President, African Development Bank (AfDB) Dr Akinwumi Adesina says the bank is set to deliver climate-adapted, certified wheat and other staple crops seeds to 20 million farmers. Adesina said this in a document titled, “Averting an African Food Crisis: The African Food Production Facility” and obtained on Monday in Abuja. He said the initiative, which was part of activities by the bank would tackle food crisis in African countries including Nigeria.
The president said the delivery of seeds and increased access to agricultural fertilisers would be done through the bank’s African Emergency Food Production Facility. Adesina said within the next two years, the facility would allow farmers to produce 38 million additional tonnes of food.
He said that part of the plan was a 30 per cent increment in local production worth an estimated 12 billion dollars. He also said that it would facilitate better global investment in Africa’s agricultural sector. Adesina said that the facility would also support enhanced governance and policy reforms. “From the onset, the African Development Bank realised the strategic need to tackle the devastating impact of the war on Africa’s food security. It is important to prevent unrest and even more human suffering. In May, the bank established a 1.5 billion dollar African Emergency Food Production Facility. In less than 60 days, it put into action 1.13 billion dollar-worth of programmes under the facility across 24 African countries. Half a dozen more programmes are expected to get underway by September as more governments apply to the facility,’’ he said.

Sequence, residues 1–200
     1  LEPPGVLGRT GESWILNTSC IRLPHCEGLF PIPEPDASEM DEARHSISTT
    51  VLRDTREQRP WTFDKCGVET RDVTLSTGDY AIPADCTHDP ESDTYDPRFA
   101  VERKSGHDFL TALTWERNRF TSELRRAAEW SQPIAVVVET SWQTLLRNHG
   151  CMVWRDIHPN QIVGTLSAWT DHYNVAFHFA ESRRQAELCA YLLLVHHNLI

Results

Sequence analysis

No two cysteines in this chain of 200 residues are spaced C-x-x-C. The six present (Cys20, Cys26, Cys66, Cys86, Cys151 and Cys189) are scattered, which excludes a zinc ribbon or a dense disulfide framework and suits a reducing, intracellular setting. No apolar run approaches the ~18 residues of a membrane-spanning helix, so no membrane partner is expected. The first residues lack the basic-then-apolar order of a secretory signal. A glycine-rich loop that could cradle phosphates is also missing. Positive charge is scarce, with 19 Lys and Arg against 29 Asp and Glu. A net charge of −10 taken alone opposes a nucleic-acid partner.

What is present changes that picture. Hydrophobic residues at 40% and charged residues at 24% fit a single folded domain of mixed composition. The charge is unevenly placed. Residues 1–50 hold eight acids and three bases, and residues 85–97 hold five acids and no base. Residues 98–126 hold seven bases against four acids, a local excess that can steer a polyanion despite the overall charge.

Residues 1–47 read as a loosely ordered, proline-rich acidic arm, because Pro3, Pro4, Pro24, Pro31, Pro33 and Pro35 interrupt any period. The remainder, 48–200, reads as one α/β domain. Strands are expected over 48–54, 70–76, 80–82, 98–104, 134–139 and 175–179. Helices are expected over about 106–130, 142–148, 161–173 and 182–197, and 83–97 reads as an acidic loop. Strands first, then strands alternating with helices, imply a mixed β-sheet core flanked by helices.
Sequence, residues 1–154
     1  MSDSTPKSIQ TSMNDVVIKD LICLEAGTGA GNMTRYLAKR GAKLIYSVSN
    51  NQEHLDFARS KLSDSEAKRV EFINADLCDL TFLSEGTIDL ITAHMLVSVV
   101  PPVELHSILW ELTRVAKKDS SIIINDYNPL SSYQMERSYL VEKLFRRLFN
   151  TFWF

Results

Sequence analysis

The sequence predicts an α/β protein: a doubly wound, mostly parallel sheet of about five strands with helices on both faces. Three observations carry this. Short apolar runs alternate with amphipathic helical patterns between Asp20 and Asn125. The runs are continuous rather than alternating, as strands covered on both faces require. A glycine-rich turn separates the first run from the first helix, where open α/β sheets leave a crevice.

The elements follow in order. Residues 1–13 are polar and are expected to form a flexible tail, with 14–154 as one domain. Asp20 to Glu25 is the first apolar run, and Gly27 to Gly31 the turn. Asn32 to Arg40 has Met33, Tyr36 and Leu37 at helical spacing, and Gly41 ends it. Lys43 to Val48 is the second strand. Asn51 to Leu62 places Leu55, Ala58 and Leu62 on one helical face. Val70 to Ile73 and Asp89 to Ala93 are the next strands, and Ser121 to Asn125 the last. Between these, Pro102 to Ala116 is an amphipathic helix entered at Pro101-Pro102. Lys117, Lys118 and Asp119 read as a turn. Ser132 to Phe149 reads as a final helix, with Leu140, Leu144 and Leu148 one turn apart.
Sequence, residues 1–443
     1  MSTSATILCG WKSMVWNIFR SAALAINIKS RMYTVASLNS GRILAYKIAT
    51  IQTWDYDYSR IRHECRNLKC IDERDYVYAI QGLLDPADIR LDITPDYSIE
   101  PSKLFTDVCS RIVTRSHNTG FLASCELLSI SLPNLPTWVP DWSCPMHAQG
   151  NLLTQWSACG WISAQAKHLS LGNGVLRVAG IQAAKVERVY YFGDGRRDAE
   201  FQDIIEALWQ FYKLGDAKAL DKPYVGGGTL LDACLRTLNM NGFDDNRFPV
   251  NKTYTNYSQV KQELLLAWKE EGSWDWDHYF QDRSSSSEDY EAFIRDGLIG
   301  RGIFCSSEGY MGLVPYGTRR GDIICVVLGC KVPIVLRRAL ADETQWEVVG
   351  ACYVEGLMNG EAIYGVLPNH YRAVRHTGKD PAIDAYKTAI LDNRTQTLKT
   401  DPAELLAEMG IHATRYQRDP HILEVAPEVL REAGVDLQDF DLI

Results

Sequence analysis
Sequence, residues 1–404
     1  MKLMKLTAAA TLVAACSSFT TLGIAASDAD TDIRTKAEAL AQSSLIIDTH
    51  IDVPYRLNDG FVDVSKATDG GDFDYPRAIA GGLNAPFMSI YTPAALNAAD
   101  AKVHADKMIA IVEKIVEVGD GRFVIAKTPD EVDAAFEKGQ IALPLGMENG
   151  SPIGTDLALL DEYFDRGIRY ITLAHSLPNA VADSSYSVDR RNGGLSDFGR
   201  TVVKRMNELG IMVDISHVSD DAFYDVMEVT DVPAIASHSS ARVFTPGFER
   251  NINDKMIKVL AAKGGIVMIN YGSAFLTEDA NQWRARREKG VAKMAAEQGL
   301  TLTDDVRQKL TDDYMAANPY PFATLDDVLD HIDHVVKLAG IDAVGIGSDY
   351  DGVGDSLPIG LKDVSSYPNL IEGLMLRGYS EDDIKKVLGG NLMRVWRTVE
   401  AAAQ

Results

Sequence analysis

According to him, food aid cannot feed Africa because Africa does not need bowls in hand. “Africa needs seeds in the ground and mechanical harvesters to harvest bountiful food produced locally.
“Africa will feed itself with pride because there is no dignity in begging for food.’’ The president said that the African Emergency Food Production Facility had benefited from stakeholder consultations. He said the price of wheat had soared in Africa by more than 45 per cent since the war in Ukraine began. Adesina also said fertiliser prices had gone up by 300 per cent while the continent faced a fertiliser shortage of two million metric tonnes. Many African countries have already seen price hikes in bread and other food items.